Liquid Pressure and Upthrust

Liquid Pressure

Liquids also apply pressure on objects. The pressure in a liquid increases as the depth increases.

The closer the water spurt is to the bottom (greater depth), the water spurts out at a higher speed. Also, the further the water spurt is from the bottom (lower depth), the water spurts out at a lower speed.

When you place an object in water, most of the pressure exerted on the object will be from the water molecules surrounding it. This is because the water molecules will collide with the object. However, the weight of water above the object will provide a downward force on the object. The pressure will increase as the object falls deeper into the water because the amount of water above the object will increase.

Calculating pressure

The equation to calculate pressure is:

  • P = Pressure in pascals (Pa)
  • h = Height of column in metres (m)
  • ρ = Density in kilograms per metre cubed (kg/m3)
  • g = Gravitational field strength in newtons per kilogram (N/kg)

Density is an important factor when finding out the pressure, because the denser the liquid is, the higher its mass per unit of volume is. If an object’s mass increases while its volume remains constant, its density will also increase.

Gravitational field strength is another important factor as it determines the weight of a given mass. A higher gravitational field strength results in a greater weight.


When looking at why objects float, it is important to understand upthrust. If an object is partially or completely submerged in water, the surrounding water molecules will exert forces on the object. The object experiences greater pressure from the bottom than from the top.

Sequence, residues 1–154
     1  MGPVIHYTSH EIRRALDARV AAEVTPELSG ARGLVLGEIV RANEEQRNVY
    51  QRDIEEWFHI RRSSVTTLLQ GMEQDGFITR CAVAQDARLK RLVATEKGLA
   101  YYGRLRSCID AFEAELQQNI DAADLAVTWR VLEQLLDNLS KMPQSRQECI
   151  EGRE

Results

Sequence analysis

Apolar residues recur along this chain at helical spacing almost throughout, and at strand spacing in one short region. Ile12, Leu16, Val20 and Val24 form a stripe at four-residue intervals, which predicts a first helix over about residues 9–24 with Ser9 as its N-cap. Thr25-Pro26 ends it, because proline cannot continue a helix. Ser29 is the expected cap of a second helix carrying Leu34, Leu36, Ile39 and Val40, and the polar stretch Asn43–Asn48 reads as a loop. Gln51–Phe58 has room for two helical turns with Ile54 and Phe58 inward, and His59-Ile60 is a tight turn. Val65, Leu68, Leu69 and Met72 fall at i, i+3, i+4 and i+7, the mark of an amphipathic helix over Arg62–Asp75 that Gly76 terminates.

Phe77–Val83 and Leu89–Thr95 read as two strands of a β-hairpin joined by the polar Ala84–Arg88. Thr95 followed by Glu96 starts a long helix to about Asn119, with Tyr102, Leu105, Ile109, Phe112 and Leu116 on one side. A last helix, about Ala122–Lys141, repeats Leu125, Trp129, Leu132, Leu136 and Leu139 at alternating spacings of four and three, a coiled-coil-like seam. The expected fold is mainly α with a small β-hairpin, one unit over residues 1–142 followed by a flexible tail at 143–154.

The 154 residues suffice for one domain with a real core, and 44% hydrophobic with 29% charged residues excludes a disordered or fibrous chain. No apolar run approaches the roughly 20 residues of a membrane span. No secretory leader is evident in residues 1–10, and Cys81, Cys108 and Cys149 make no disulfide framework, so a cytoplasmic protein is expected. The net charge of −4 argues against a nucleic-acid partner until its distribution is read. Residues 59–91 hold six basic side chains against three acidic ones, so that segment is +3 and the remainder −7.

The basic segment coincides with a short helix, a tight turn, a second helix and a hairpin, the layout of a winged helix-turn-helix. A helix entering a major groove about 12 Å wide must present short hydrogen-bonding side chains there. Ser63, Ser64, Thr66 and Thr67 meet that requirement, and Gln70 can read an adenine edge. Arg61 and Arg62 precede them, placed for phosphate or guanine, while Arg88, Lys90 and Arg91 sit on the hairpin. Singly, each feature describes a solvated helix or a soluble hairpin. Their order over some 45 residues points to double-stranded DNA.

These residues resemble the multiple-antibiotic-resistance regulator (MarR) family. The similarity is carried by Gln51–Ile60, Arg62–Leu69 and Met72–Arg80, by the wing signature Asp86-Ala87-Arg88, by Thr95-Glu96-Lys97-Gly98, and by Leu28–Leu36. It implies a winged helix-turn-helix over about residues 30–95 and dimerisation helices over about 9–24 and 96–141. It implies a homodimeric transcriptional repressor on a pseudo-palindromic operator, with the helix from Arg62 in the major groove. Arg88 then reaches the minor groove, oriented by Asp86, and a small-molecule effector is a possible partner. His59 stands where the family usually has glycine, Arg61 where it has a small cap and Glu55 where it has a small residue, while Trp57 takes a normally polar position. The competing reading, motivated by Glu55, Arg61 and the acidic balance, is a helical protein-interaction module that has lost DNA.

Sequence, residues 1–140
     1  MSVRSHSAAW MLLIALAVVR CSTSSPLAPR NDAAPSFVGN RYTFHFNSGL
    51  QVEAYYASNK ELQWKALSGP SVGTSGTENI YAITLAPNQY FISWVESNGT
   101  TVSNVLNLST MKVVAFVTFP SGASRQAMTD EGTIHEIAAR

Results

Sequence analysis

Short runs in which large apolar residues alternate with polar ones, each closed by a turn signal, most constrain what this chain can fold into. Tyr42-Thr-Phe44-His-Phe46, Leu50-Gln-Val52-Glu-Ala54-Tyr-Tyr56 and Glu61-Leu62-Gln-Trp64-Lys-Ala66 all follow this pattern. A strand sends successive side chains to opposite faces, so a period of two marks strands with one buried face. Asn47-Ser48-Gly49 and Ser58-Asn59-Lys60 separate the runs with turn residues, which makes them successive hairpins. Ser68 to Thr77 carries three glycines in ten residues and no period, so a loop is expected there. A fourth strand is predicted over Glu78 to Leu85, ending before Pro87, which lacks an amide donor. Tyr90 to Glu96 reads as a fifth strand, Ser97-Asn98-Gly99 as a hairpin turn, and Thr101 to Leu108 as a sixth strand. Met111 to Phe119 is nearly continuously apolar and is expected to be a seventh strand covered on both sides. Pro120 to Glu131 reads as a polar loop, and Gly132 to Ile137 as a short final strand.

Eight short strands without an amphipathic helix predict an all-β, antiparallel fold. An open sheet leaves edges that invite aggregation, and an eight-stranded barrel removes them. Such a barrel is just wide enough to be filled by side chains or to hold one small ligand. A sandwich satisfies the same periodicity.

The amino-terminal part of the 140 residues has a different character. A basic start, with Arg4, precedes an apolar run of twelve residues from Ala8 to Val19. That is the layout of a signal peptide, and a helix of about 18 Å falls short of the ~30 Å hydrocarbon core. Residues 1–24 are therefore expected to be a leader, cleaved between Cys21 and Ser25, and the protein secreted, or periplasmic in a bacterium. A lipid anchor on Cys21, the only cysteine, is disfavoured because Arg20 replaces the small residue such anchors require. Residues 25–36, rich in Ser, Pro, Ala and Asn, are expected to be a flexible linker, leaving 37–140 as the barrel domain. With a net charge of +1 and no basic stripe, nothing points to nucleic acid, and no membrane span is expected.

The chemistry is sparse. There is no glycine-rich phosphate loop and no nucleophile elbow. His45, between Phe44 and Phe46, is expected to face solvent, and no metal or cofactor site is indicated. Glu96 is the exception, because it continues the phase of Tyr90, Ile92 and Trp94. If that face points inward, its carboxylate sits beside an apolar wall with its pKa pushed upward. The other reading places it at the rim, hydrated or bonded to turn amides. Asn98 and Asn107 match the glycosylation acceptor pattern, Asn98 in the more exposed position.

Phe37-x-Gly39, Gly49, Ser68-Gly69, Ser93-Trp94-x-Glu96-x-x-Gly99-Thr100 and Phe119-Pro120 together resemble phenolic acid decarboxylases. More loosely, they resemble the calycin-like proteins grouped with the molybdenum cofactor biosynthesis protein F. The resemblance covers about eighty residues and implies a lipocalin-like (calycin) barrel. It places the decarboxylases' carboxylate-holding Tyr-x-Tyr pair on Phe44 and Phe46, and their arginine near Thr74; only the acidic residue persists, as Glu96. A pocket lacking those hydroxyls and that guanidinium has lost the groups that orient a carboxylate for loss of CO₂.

If the resultant force is upwards, the object is pushed upwards. The force pushing upwards on the object is called upthrust and it is always in the opposite direction to the object’s weight.

For an object to be submerged in a fluid, it must displace some of the fluid. The force of upthrust depends on the weight of the fluid that was displaced by the object.

Floating and sinking

Weight and upthrust

If upthrust was the only factor, then all objects would float. So, we also have to consider the object’s weight. The weight of the object is the downward force that opposes the upthrust.

  • If the force of weight is greater than the force of upthrust, then the object sinks.
  • If the force of upthrust is greater than the force of weight, then the object floats.


We do not need to calculate the upthrust and weight each time. Instead, we just need to know the density of the object and the liquid that the object is in.

  • If the object is more dense than the liquid, then it will sink.
  • If the object is less dense than the liquid, then it will float.

This principle operates on the idea that if the object is more dense than the fluid, it will not displace enough fluid to generate enough upthrust to hold its weight. If the fluid is unable to hold its weight, then the object will sink. The sinking stops once the object reaches the bottom.